Elektromagnetische Feldforschungen


My interest in the work of Christina Kubisch goes back a few decades. Ever since the early Italian label recordings, I’ve been steadily adding to my library of audio and text (and in a recent case, DVD) and have frequently found her work to be on the level of people like Alvin Lucier and Maryanne Amacher. Based on the sound art works involving her interest in electromagnetic resonance, she clearly has a fantastic ear for sound. There was a wonderful variety of works that were being offered – pretty much in the following order as you entered and made your way through the Tabakfabrik: her film Wavecatcher; an installation consisting of numbered photos on a wall coupled to an audio guide called Ruhrlandschaften 2010; a multi-channel sound installation, Bewegungen nach entfernten Orten (50 seconds of video appear about 6 minutes into this slideshow) as well as the Electrical Walks tour through various electronically vibrant spaces. We were outfitted with specially created magnetic headphones that made audible the various electromagnetic fields that surrounded us while being personally guided through areas that normally would be closed to the public such as the inside rooms of the on-site power plant or warehouse basement areas as well as normally accessed areas amidst various technology-enhanced artworks on display. We also had the ability to borrow the specialized headphones and create our own walk through the city of Linz. A map was provided suggesting areas of interesting and particularly vibrant sound loci.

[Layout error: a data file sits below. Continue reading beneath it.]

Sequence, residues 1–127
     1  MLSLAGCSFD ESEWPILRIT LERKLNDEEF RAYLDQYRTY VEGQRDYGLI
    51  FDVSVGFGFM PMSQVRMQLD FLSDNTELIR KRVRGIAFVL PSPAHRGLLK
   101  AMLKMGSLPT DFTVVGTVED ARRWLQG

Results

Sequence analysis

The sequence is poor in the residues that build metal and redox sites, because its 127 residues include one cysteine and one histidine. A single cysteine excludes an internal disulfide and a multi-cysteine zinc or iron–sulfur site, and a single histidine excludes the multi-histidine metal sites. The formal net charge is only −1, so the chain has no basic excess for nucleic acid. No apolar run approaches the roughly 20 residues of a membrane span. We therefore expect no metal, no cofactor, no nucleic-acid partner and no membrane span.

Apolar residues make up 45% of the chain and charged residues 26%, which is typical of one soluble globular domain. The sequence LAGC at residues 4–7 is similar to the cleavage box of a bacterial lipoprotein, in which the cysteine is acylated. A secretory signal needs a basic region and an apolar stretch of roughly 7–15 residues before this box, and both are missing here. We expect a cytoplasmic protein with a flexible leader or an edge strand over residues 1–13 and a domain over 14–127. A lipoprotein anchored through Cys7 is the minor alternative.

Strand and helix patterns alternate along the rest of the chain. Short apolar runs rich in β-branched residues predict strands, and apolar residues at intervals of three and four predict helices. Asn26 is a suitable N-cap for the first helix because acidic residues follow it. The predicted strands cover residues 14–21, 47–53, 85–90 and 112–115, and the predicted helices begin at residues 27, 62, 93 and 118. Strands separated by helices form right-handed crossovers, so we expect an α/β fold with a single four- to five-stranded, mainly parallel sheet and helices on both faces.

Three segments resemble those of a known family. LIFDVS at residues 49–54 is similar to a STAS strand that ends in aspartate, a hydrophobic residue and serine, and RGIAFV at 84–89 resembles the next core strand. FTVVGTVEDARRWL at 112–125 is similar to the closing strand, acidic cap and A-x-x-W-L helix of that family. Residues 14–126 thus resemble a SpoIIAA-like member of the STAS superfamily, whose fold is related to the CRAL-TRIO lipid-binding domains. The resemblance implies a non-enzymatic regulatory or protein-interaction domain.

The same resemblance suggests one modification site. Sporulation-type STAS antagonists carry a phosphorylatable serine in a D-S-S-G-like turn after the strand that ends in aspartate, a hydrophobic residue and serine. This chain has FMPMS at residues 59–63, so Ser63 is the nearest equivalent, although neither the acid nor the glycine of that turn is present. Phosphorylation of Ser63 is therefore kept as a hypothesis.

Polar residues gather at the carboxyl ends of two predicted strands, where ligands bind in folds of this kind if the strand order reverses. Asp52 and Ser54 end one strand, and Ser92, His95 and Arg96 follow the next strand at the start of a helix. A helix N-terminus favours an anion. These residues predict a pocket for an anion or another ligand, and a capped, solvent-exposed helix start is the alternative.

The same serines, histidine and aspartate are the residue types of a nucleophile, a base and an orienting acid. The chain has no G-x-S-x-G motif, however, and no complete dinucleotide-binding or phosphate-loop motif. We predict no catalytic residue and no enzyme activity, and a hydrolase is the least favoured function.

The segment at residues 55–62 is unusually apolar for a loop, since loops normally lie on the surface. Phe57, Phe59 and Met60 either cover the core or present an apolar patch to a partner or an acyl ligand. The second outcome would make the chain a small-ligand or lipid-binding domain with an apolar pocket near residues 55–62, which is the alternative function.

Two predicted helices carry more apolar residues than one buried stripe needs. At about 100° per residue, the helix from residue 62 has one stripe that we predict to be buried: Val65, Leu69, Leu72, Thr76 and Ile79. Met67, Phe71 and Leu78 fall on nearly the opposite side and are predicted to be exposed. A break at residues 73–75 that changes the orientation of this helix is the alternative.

During an electrical walk, one of the first things that you notice is the overall change in the psychological dynamic of your physical position in relation to your aural perception. Not only is there no longer the one-to-one correspondence between what you see with what you hear, but the depth of it extends to where the normally unheard is now clearly present while the associated sounds have become just an underlying muffle – if heard at all. For me, this is a beautiful experience because it provides a new perspective that lies almost solely in the realm of what some may call contextual confusion, but what I like to think of as an auditory situational-event. Of the recordings that I’d made, the best was of the single electrical walk through Linz, but I still wish I had made at least one more that had followed a self-devised compositional scheme. This recording seems to present a kind of suite of movements that are not clearly deliniated – which I feel is a positive thing. There becomes a dominant sound that sets a mood as a movement, then slowly, you later find yourself mentally attached to a different kind of movement with a “ground” of sound that can easily lull you into a sense of complacency. For the following audio, you will hear something that lies in-between the above-mentioned compositional scheme and the mapped out version that you see above – something resembling more of an electromagnetic trace of a psychogeographical dérive where a world of security gates, induction loops, WLAN transmitters, ATMs, ticket vending machines, LED tickers, TV screens, and other assorted electrical field generating devices impinge on us in ways that we’ve yet to uncover.

Audio MP3



(thanks to Christina Kubisch for the use of the headphones)